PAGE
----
The past thirty years have been a golden age of film restoration, starting with the 1989 restoration of the 1962 film Lawrence of Arabia. Robert Harris led that work, and he has had a hand in restoring many films since then, including Vertigo (1958) and My Fair Lady (1964). It’s a shame that great movies need restoration at all, a state of affairs principally due to neglect by the very studios that made them, often at a cost of millions of dollars. Hollywood studios were far less concerned about art or historical preservation than they were about business, and movies retained little value for the studios after their initial theatrical release.
Publicity still of Gregory Peck from the 1956 film Moby Dick. Photo courtesy of Warner Brothers.
Indeed that was the situation for movies until home video opened a new and lucrative avenue for the studios in the 1970s and 1980s. Until then, to the extent the movie studios kept original film elements at all, they kept them in slipshod conditions which allowed the films to deteriorate to one degree or another. By the time demand returned for some of the better movies, restoration was necessary to have a salable product. VHS (Video Home System) tapes could skate by with no restoration because of the low resolution of the format, but laser disc was several steps above VHS in quality and created the first push to restore old films.
Laser disc never caught on the way VHS did, however, and its appeal was limited to cinema buffs. The biggest nudge toward film restoration came in the 1990s with the popularity of DVD (Digital Video Disc), an improvement in quality over VHS at about the same price for content and playback equipment. With that change in the market, movie studios saw the value in packaging their backlog of films in the new format, creating a greater need to restore at least some of those in highest demand. Since the turn of the century, high definition televisions and further improvements in home video resolution have brought the home theater experience into the mainstream, and the demand for quality restorations of old films is at a peak and will probably stay on a plateau hereafter.
There is a limit to how much detail the human eye can discern in the limited space of the typical home theater. DVD was a huge improvement over VHS, and Blu-ray was almost as big an improvement over DVD. 4K resolution is not quite as great an improvement over Blu-ray as numbers alone would suggest, simply because the law of diminishing returns starts to take effect. In the confines of a home theater, even using the best equipment, viewers are less able to discern the finer detail there on the screen. 8K resolution is overkill for all but the most dedicated home video enthusiasts with deep pockets.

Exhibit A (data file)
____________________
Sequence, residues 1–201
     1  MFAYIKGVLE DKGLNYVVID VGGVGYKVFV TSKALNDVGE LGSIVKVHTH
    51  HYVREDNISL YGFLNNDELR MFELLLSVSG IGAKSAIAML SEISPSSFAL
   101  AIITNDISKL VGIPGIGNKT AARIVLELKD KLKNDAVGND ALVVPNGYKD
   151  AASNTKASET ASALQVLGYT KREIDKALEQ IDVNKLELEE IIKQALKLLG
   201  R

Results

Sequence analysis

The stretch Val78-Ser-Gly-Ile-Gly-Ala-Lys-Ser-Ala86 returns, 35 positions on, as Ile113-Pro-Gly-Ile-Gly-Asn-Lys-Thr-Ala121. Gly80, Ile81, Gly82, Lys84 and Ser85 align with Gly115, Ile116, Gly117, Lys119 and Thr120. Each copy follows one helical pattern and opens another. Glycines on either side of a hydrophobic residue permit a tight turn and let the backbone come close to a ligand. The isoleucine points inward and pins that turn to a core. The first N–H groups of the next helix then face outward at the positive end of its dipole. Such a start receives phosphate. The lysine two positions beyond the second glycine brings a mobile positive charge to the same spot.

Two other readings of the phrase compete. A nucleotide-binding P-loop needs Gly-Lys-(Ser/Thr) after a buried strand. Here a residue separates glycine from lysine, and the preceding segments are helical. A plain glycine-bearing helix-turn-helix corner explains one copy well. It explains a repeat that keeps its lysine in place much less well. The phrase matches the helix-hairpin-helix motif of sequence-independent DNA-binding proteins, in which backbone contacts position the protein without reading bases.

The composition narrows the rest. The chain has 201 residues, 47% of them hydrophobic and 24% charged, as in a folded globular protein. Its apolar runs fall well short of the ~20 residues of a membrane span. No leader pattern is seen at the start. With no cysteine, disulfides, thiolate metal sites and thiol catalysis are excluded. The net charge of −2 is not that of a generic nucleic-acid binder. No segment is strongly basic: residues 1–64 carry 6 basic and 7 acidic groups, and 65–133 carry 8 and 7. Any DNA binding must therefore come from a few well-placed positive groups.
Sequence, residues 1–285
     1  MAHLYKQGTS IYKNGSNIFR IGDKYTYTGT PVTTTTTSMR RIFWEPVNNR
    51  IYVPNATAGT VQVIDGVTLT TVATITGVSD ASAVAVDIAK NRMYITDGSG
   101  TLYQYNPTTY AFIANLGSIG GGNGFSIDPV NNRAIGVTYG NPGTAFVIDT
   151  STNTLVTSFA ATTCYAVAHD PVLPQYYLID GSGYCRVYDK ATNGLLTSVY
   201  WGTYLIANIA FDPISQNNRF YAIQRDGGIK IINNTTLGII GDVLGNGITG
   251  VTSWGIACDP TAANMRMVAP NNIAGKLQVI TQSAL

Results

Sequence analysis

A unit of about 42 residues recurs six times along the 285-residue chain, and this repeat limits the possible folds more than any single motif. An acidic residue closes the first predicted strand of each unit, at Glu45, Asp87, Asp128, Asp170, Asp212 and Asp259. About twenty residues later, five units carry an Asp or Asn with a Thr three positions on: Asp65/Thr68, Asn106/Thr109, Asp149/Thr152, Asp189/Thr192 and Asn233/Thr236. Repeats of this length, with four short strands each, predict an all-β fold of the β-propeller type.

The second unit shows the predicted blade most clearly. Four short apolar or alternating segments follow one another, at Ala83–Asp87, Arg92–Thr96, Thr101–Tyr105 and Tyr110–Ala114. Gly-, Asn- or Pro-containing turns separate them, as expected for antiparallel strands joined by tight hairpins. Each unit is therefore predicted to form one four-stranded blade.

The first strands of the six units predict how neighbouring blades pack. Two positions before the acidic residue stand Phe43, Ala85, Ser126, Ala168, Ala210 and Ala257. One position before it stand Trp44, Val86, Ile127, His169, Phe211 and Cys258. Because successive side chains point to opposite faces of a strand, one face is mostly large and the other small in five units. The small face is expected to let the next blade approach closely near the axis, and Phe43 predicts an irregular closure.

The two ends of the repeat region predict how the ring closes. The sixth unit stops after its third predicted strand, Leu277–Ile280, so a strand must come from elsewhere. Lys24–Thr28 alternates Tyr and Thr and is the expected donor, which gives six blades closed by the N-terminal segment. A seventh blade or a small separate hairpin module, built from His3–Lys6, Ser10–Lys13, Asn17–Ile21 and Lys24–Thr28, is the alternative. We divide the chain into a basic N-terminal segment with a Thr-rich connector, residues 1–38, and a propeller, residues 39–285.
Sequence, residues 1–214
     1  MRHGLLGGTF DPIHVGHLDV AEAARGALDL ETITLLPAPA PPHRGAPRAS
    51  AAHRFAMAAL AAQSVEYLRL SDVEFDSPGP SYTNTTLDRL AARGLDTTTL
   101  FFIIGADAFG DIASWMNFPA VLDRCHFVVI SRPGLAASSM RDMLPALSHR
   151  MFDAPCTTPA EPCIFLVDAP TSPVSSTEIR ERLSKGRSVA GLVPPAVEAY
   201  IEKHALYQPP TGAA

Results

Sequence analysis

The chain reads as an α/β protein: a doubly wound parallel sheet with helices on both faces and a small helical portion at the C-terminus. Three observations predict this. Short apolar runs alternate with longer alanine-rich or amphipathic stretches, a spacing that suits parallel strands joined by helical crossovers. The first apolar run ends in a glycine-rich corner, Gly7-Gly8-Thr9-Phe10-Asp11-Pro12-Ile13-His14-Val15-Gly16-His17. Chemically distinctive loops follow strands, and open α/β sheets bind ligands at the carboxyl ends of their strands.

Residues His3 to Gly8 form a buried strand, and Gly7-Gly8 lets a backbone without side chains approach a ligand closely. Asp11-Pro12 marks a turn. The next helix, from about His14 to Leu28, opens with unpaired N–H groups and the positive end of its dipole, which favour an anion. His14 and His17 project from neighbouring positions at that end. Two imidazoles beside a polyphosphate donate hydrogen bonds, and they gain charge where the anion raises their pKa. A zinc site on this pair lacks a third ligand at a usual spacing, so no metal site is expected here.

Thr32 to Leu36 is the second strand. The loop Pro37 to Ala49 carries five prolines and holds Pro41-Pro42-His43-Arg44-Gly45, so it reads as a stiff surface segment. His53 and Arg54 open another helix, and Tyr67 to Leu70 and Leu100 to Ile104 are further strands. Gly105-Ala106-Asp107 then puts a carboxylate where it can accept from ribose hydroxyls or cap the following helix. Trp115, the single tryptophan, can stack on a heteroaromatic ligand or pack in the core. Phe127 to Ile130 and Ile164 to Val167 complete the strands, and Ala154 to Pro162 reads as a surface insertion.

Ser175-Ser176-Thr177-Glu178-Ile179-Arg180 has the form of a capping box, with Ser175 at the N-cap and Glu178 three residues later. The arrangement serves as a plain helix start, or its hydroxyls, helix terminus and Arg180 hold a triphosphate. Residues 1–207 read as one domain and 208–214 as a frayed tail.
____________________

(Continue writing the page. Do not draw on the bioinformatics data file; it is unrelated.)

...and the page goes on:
Another reason for home video improvements driving film restorations less in the future is the switch by consumers from owning content on physical media, such as a Blu-ray disc, and streaming content in a rental agreement over the internet. Already the rollout of 4K discs has slowed to the point that many good old movies may never be remastered for the format. The potential sales aren’t high enough to interest the major movie studios. As to streaming 4K content, that is subject to the vagaries of the consumer’s internet connection. Some of the 4K content may not be as advertised because of the huge bandwidth requirements, and streaming true 8K content would probably require a 5G internet connection and an actual unlimited data plan from a viewer’s Internet Service Provider (ISP).
In any event, these are good times for fans of old movies. Some classic films, like director John Huston’s 1956 version of Moby Dick, which have long deserved restoration but were nonetheless neglected for whatever reason by the major studios, have been restored by smaller distributors of home video content who have determined it would be worth their time and effort. The movie studio Paramount last year restored It’s a Wonderful Life (1946) and remastered it in 4K, though in a sign of the times they have released the new version only for streaming and have not pressed discs of it. Another classic film, Life with Father (1947), awaits true restoration, and viewers should meanwhile beware the versions for sale which trumpet digital remastering or restoration.
Screenshot from Life with Father (1947), with Irene Dunne and William Powell. Photo courtesy of Warner Brothers.
Like It’s a Wonderful Life,Life with Father had also fallen into the public domain; unlike It’s a Wonderful Life, Life with Father has not attracted anew the attention of the major studios. While Paramount has lavished care on restoring It’s a WonderfulLife, slapdash outfits have been appropriating Life with Father for the sales catalog, offering horrendously bad versions of it and relying on the phrases “digitally remastered” and “restored” to dupe the ignorant. They hope naive consumers will infer that “digitally remastered” means “improved”. It means no such thing; it means only that the film has been scanned to a digital format, a necessary step in making analog movie film available for home viewing on a DVD, Blu-ray, or 4K player. “Restored” is a relative term and can mean the absolute minimum amount of work was put into it, as is usually the case with the shadier outfits.